Before they became dads, Rob and Malcolm prioritized their careers over all else. Their main worries, they say, were being able to make enough money to travel and buy nice things. But the moment they held their son in their arms, nothing else in the world mattered but his happiness and wellbeing.

According to Malcolm, Rob used to work seven days a week. But since having Preston, he has cut his days in the office to four. He makes sure that he is home in time to help Malcolm put their son to bed.

Malcolm has also cut down on his work in order to provide better care for their son.

Fortunately for the dads, Preston has turned out be an easy child thus far, so their social life hasn't had to change much. They still go out to eat all the time, and go over to friends' houses for parties and get-togethers. They take Preston with them everywhere, who has traveled with them as far as Hawaii.

Some things have changed dramatically, though. Simple things Leaving the house is one of those things. They used to grab their keys and go; now they have to plan things around his naps and feedings. In order to be at dinner by 6, they have to start getting ready to go at 4. New friends tend to be parents. And all of a sudden their weekends are filled with kids parties rather than Sunday brunches in West Hollywood!

Rob (left) and Malcolm and Preston

Before they became parents, Malcolm and Rob used to go “a million miles per hour." But when you have a baby, you learn to look at all the details of something, they say. It has made them pause, slow down. Preston is also teaching them patience and flexibility. Things don't happen on Rob and Malcolm's time anymore; things happen on Preston's time. He has created a sense of calm. Malcolm and Rob find themselves talking sweeter to one another, hearing each other out more, and spending time just enjoying one another's company.

Once a baby is born, parents tend to forget to some extent how difficult the road to fatherhood was. “Malcolm was ready to be a father at birth," says Rob. “He seems to have been pre-wired with information that would allow him to be a dad. As soon as Preston was born, Malcolm instinctively knew how to handle situations and always had the right answer. Malcom never had any doubts."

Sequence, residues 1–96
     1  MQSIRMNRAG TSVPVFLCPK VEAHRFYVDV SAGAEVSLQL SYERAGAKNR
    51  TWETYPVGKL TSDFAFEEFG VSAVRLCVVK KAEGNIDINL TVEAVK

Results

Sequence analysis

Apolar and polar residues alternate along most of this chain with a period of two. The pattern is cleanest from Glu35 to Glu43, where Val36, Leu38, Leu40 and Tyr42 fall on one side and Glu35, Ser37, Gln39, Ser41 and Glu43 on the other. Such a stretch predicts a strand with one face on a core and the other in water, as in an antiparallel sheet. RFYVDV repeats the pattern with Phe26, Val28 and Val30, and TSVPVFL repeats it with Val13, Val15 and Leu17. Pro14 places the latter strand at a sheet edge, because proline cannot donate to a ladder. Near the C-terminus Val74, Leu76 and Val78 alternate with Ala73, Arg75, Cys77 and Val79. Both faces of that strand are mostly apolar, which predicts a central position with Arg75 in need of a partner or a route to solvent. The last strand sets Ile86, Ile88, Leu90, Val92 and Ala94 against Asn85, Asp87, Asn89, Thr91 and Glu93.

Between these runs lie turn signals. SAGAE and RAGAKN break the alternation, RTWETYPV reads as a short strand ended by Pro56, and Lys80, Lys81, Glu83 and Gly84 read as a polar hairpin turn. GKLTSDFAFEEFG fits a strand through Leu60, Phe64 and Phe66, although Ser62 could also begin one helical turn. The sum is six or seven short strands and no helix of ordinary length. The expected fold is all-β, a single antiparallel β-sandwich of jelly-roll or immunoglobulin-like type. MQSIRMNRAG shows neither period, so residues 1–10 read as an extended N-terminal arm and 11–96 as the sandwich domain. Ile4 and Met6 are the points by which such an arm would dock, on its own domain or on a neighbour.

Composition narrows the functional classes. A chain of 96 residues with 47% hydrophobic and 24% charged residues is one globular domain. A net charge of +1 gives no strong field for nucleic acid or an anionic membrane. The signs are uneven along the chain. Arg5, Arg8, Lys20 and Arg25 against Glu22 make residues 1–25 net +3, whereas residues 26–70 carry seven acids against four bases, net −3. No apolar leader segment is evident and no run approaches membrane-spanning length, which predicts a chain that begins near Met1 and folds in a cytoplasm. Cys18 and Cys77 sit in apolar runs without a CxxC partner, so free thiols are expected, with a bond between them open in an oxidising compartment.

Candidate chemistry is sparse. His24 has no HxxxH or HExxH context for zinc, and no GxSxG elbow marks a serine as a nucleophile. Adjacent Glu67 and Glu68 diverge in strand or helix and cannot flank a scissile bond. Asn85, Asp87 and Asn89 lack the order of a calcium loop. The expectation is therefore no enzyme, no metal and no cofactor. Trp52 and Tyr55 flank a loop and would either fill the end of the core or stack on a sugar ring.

And Rob was pretty confident about his own parenting abilities. That is, until about a week before Preston was born. That's when Rob, in a fit of near-hysteria, called his best friend Cameron (who is now Preston's godfather). He suddenly had this overwhelming fear that he was not going to be able to do this. "I don't know what came over me. I just started thinking about all of the things that could go wrong," he remembers thinking.

Fortunately, Cameron had some wisdom to dispense. He reminded him that there are no books on how to be the perfect parent. That everything was just someone else's opinion. He told him that, of course, he would do something to mess this kid up; they just need to be prepared to pay for therapy later on in life. This made Rob laugh and he calmed down.

When asked if their family is treated any differently than others, Rob says that for the most part people have been amazing. "Malcolm and I are very open about our love for one another and our life. We love sharing our experience, and are always happy to answer any questions people have. I think when we walk through life considering ourselves as normal as can be, other people view us the same." When asked who he "belongs" to, the dads have learned to respond with a sly answer: “he's mine and my husband's," they'll say.

As far as what the future holds for the couple, they see themselves having at least one more child in the next five to ten years. They see lots of PTA meetings and sports games. They look forward to traveling and introducing their children to new and exciting things.

They also have some advice for anyone else thinking of pursuing their dreams of fatherhood: don't let fear get in the way.

*We've partnered with Pacific Fertility Center Los Angeles to share some of the stories of the men whom they helped become dads. Be sure to keep an eye out for next month's family!

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Politics

Utah Court Rules Gay Couples Can't Be Excluded From Surrogacy Contracts

The Utah Supreme Court found in favor of a gay couple attempting to enter into a surrogacy contract.

DRAKE BUSATH/ UTCOURTS.GOV